Why I believe in Santa Claus

By Dale Wilson

When I was a lad of 5 or 6  we lived in Water Valley, Mississippi.  My earliest years were spent living out in the county on gravel roads; miles from town. Dad; a welder, worked 90 miles away; in Memphis.  He was gone during the week.  Usually he’d leave us on Sunday night and return (usually) on Friday night.  Water Valley was his home town.

Raising a brood of young hellions was tough on mom.  We had electricity but few other amenities. Water came from a well; pulled up in a torpedo-shaped well-bucket attached to a rope,  looped through a pulley.  At the time I was too small to draw water so that job was left to the older boys.  Laundry was an all day affair ending with the clothes hanging on a clothes line stretched between two Oak trees. In winter they froze on the line.

Finally mom convinced dad it was time to move into town so we could have running water, indoor toilets and nearby neighbors.

Now, for the first time in my life we actually lived inside the city limits of this small Delta town of perhaps 10,000 population.  It was a hard-scrabble town.  There was a textile factory where mom and 50 or 60 other women spent long days sewing blue jeans.  The only other available work was farming and cutting pulp-wood.  Dad would have none of this so he  landed a good-paying job as a boiler-maker in Memphis.

Having six brothers older than me, the notion of “Santa Claus” was pretty much debunked by the older brothers who “knew better.”

That is until Christmas Eve of ‘59.

Back then the local stores did a lot of “lay-away” sales where parents would purchase gifts; over time.  Like in-house financing only they kept the goods until paid for.  Parents secretly put kids’ Christmas presents on lay-away at the end of harvest season and made small weekly payments until, hopefully, paying them off in time for Christmas.

On this particular Christmas Eve dad was late getting home.  Mom was depending on him to rescue our presents from lay-away.  Dad didn’t make it.  Perhaps he got distracted by the revelry of the season, made a few extra stops at taverns along the way.

I could tell mom was in a somber mood; watching the clock and listening for the car door to slam signaling dad’s arrival.  It’s getting late now and dad’s not home.

I was playing with a small toy car in the hall-way leading to the front door.  It’s approaching bed time.

Suddenly, a commotion at the front door.  We didn’t get much “company” after dark so it was unusual and a bit frightening.  It sounded like someone was coming in–without knocking.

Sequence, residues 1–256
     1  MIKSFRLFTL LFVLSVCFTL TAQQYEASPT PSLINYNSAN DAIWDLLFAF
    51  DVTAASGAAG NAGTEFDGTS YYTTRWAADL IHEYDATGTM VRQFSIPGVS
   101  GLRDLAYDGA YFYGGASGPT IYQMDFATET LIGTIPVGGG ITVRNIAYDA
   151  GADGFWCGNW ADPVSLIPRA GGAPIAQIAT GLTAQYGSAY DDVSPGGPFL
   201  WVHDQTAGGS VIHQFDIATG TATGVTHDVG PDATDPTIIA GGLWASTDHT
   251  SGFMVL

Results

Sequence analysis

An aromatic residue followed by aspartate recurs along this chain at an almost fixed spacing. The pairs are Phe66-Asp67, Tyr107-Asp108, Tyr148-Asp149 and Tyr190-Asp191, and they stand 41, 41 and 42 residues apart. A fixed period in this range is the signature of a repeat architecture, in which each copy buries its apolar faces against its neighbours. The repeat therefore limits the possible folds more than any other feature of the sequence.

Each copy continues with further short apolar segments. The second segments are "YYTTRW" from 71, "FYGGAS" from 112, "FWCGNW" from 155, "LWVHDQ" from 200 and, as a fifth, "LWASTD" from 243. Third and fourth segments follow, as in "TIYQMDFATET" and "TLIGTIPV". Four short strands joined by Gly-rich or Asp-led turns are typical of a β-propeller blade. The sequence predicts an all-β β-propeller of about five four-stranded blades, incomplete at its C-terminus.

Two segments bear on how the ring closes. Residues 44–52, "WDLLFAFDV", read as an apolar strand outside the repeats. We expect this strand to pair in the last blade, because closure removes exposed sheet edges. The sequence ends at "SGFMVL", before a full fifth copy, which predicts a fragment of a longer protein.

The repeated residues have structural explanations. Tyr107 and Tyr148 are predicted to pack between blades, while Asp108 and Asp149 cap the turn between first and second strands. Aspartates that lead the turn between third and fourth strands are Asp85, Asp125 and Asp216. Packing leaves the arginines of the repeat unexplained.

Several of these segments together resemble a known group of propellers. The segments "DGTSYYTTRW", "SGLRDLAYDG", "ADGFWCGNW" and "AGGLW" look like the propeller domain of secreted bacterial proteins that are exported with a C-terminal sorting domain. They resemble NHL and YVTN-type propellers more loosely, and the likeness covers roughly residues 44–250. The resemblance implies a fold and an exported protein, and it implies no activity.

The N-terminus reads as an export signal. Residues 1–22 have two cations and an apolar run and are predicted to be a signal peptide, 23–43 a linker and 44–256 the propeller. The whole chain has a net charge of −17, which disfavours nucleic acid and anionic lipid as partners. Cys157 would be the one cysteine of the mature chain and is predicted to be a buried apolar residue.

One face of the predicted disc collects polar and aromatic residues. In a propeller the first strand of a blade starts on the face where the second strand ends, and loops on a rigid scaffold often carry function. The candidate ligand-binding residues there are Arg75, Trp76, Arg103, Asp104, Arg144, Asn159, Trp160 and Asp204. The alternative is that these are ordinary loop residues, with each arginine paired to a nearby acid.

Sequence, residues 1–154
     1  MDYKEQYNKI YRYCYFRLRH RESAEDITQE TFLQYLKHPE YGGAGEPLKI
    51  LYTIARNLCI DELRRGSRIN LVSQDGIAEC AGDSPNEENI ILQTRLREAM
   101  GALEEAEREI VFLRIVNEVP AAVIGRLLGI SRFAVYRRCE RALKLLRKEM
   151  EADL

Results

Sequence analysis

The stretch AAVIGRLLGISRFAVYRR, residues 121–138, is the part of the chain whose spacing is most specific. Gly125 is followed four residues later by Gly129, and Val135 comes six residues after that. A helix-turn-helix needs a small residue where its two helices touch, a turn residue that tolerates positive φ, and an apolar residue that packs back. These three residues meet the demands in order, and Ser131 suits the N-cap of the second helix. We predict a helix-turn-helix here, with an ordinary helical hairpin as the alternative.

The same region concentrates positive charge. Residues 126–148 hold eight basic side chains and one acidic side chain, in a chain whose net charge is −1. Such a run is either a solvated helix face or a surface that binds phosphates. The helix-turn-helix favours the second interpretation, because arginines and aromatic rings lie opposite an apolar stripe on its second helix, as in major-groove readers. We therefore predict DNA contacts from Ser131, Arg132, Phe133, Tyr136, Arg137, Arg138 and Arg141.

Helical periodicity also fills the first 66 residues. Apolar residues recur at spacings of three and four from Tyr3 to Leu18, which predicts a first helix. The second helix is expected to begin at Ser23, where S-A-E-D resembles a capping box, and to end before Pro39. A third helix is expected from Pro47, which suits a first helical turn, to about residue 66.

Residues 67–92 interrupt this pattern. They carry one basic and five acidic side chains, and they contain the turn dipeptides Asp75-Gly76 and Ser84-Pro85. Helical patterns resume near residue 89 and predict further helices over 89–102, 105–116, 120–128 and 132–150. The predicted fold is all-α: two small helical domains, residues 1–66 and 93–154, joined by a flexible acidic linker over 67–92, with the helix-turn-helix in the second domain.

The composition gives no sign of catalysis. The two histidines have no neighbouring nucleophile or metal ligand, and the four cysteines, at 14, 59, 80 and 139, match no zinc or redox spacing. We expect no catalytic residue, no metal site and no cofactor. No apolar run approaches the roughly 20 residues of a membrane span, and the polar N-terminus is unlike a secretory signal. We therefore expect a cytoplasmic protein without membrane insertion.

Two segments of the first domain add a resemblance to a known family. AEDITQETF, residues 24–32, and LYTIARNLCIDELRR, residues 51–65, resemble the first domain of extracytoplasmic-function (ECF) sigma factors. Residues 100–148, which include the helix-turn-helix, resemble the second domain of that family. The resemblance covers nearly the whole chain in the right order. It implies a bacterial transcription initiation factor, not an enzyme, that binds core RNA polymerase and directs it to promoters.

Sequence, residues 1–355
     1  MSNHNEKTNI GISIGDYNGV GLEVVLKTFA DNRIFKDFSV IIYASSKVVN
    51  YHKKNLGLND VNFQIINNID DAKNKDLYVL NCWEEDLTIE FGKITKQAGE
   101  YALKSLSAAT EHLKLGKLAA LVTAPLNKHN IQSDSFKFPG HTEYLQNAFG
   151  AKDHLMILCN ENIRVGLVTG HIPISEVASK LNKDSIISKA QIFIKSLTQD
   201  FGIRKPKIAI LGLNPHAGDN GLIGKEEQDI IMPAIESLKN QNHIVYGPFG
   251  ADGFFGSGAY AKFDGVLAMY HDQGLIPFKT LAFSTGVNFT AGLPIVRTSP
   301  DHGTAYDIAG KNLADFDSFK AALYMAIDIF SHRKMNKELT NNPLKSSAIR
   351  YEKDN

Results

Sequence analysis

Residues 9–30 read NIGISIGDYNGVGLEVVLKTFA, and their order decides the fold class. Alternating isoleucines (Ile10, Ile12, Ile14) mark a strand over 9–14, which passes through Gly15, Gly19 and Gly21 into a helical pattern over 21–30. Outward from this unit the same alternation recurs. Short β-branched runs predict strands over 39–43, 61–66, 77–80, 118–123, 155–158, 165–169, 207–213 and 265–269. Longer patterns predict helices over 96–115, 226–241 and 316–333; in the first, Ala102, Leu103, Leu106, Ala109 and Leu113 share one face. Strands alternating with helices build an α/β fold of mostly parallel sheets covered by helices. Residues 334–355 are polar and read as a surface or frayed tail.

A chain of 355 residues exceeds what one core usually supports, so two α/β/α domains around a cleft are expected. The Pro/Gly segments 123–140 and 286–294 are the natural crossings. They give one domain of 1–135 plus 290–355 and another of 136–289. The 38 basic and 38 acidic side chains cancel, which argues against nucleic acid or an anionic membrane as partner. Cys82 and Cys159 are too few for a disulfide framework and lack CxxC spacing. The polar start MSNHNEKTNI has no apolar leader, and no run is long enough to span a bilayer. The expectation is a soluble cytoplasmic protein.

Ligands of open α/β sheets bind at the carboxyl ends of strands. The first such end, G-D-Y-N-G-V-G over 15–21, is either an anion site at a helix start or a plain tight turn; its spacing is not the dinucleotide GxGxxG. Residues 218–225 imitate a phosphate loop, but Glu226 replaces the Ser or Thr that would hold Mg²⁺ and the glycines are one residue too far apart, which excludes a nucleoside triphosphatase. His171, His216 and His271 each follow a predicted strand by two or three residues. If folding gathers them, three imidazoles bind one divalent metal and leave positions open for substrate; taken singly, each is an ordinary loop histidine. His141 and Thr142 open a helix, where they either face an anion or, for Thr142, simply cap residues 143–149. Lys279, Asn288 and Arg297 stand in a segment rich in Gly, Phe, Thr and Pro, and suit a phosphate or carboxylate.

I ran to tell mom.  She was back in the kitchen putting icing on a coconut cake “for Santa”.  Tradition was to leave refreshments by the hearth on Christmas Eve.

She thought I was kidding–we kidded her a lot.  She was getting wise to us now after raising all those kids.

Finally I was able to implore her to come and see who’s at the door.  When she opened the door–no one was there–but, lo and behold our entire stash of lay-away items were neatly stacked on the front porch.  

I asked “Where’d all that come from?”  With a tear glistening in the corner of her eye she  said “Santa Claus.”  Now I’m really confused because all the older boys had convinced me there was no Santa Claus yet, here is living proof.  I wanted to believe.

The plastic fire engine, complete with fireman’s hat and badge, that I’d been drooling over–for months–at Larson’s Store was there.  Along with it a football, a baseball mitt, roller skates, winter coats; a veritable mountain of gifts befitting a house full of boys at Christmas.  Lay-away arrived; even without paying it off.

Someone at Larson’s store, in the midst of their busiest night of the year, took time to consider our gifts–still sitting in lay-away.  They must have known that dad wasn’t going to make it home in time to pay out the balance.

In the finest example of the Christmas Spirit, the manager sent someone over with our gifts–just before closing time.  Santa made it to the Wilson’s household;  in the “Nick” of time.

When I think back on this cherished memory I am reminded; Santa lives in the hearts of those like the manager at Larson’s.  I believe “Santa” lives in the hearts of those who look out for others less fortunate.  Santa lives in the smile of a child, the clasp of an aged hand, and in the warm embrace of family, gathering at Christmas.

Long live Santa.

%d bloggers like this: